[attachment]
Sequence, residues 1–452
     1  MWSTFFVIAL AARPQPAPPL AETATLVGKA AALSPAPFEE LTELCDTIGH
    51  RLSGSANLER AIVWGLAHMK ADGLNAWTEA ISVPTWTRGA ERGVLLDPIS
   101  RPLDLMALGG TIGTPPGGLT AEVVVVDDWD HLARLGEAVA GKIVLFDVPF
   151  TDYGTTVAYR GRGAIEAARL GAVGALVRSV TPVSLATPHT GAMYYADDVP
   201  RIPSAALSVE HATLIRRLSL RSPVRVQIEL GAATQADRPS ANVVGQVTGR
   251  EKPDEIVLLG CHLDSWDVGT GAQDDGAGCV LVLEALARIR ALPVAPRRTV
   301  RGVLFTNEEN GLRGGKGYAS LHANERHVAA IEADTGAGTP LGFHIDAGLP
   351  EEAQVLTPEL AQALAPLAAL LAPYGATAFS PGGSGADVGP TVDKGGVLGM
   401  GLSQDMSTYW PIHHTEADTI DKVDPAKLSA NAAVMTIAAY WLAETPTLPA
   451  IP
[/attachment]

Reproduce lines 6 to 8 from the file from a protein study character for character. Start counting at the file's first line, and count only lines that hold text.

   201  RIPSAALSVE HATLIRRLSL RSPVRVQIEL GAATQADRPS ANVVGQVTGR
   251  EKPDEIVLLG CHLDSWDVGT GAQDDGAGCV LVLEALARIR ALPVAPRRTV
   301  RGVLFTNEEN GLRGGKGYAS LHANERHVAA IEADTGAGTP LGFHIDAGLP